Looking For a Secular Florida Umbrella School?

Thursday, January 22, 2004

Playmobil and Art Appreciation

Last year for Christmas, Santa brought G the completely furnished, six-room Victorian Playmobil dollhouse. She was not as excited initially as I'd expected, and concerned because her dollhouse, unlike her sister's, was plastic. Once they discovered how versatile the thousands of little pieces were, their imaginations took off and it has been played with nearly everyday since.

As a child, I loved my Fisher Price little people, and with my friend Bonnie, whose family owned two of every single building ever made, one for her and one for her brother, would set up elaborate towns and play for days. But they always did regular everyday things.

Not so these Playmobil people...

These dollhouse people all have names and very distinct personalities. Their adventures have included being child slaves sold in a market, racing in the Paris to Dakkar Rally, visiting other planets and being contestants on "Survivor." They have pretended to be Lyra and Will (from Pullman's His Dark Materials trilogy), and Harry, Ron and Hermione, all while keeping in their own character. Not exactly your regular, everyday type stuff.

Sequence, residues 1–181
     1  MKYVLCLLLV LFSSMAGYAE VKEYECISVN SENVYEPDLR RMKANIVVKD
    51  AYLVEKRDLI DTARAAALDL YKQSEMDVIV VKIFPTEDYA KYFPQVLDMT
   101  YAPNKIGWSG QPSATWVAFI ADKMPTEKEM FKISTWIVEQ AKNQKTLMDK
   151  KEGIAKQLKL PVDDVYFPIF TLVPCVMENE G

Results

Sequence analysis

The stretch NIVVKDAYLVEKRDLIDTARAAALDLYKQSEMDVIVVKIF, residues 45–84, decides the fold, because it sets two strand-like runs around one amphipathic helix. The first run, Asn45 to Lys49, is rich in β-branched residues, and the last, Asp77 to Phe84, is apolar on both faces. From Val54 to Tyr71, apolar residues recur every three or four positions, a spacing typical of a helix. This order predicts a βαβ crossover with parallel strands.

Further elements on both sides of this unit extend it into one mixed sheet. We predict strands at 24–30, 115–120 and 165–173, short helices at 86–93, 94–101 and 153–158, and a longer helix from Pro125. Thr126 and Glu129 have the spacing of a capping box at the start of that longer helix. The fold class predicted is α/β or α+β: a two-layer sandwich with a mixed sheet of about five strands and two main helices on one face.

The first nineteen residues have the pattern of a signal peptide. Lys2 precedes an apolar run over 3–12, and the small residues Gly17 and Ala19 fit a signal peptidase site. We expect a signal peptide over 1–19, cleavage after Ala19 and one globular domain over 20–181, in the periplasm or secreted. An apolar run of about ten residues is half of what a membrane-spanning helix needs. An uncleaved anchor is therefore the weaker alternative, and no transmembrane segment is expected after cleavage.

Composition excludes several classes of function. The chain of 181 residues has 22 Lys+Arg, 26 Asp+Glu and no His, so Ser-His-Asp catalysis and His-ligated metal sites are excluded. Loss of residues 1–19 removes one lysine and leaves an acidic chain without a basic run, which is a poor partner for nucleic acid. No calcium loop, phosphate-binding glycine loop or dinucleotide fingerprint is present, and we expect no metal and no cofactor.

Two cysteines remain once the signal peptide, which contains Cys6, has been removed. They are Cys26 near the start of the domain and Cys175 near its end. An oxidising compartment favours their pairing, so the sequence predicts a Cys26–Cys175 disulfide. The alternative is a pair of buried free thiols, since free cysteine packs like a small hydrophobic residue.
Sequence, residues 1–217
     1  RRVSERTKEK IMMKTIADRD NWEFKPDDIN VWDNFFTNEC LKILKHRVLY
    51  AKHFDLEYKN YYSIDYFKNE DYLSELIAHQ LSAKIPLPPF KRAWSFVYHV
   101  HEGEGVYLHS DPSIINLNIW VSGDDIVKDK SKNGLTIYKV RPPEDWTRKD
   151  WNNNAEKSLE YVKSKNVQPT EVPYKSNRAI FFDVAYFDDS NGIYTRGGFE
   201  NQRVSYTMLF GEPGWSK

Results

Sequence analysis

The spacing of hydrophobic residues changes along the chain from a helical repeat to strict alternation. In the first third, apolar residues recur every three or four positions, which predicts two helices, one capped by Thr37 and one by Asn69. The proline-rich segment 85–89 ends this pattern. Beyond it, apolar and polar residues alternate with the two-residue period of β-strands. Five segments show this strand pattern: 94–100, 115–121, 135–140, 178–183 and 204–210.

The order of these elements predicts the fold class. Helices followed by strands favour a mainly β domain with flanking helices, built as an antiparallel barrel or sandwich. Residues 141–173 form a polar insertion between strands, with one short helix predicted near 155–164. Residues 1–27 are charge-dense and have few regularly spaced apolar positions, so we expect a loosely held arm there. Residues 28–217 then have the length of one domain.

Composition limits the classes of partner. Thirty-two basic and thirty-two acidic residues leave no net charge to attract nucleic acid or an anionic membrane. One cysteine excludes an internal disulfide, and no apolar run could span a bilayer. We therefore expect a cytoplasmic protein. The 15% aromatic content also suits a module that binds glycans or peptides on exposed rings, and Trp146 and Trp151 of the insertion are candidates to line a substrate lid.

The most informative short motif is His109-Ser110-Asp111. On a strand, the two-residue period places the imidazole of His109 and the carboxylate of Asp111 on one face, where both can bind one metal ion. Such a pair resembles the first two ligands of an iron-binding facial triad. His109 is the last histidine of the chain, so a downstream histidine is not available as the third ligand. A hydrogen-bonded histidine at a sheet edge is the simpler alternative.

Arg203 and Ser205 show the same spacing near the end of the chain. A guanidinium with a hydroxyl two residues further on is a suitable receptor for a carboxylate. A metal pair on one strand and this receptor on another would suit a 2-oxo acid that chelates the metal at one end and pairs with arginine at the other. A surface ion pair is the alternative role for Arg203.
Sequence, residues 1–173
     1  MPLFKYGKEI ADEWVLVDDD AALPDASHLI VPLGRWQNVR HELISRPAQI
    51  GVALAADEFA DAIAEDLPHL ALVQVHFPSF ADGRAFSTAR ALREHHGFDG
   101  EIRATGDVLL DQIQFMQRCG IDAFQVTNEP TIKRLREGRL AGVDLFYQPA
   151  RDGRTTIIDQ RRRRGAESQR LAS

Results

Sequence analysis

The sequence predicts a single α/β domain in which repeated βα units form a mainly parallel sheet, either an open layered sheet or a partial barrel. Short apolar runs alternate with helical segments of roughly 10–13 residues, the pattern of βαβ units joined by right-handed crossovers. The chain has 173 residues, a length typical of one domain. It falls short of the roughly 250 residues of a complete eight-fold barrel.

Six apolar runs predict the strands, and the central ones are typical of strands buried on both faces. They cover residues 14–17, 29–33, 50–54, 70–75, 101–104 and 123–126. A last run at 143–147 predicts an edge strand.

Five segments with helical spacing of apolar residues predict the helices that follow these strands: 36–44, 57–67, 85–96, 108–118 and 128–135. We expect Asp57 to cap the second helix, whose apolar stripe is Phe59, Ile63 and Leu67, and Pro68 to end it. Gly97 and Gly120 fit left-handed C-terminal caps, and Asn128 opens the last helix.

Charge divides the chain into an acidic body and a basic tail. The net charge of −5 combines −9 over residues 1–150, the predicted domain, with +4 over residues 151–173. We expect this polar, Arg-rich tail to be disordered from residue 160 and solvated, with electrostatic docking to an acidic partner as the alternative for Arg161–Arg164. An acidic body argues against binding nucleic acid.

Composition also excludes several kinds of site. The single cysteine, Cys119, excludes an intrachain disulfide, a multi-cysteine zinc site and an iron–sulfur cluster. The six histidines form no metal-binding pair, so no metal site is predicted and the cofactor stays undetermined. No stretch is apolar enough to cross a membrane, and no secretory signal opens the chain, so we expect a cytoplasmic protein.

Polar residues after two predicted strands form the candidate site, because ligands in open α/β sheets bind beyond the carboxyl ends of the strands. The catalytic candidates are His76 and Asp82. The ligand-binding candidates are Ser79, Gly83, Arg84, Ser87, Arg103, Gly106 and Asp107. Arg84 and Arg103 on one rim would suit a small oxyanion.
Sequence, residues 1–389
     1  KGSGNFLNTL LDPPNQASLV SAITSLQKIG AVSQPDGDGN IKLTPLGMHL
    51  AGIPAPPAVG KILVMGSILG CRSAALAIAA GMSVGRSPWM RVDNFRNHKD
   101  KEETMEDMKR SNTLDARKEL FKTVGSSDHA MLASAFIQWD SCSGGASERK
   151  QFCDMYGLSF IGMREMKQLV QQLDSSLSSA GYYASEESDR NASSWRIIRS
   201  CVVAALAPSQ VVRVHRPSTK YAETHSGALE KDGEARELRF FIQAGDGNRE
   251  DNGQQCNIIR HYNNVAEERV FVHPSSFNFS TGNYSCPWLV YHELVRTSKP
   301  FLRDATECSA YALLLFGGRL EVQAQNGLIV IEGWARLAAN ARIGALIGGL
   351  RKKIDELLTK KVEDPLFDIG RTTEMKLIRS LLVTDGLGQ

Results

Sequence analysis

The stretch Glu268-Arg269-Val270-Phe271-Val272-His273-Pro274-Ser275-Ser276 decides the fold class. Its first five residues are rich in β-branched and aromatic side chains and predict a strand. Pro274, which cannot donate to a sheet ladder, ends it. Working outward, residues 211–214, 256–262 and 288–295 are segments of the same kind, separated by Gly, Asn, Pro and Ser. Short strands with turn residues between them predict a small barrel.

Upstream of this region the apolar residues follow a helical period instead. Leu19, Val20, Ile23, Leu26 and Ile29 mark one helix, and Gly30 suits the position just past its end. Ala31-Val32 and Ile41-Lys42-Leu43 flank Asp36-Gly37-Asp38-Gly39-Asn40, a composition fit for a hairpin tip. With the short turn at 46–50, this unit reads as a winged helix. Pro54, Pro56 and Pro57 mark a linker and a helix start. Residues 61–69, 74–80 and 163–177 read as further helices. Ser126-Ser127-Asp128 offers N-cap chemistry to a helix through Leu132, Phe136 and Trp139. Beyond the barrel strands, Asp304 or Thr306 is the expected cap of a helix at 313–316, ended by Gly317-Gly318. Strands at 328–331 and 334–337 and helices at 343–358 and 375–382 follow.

Yesterday their little people were artists. The artists were set up in front of their 'live' models, who were posed, draped across various pieces of furniture. My daughters spent quite a bit of time with colored pencils, creating tiny little works of art to place on the improvised easels, drawn so that the subjects exactly resembled their Playmobil models: unblinking dot eyes, eternal smiles, stiff limbs and all. But the subject matter, that's what surprised me... Think Manet's "Olympia", and Michelangelo's "Creation of Adam", from the Sistine Chapel. And yes, these were rendered (gasp) anatomically correct.

You know how it feels when you're screaming laughing on the inside, but trying to maintain a calm facade? That was me.

These are definitely going in the portfolio.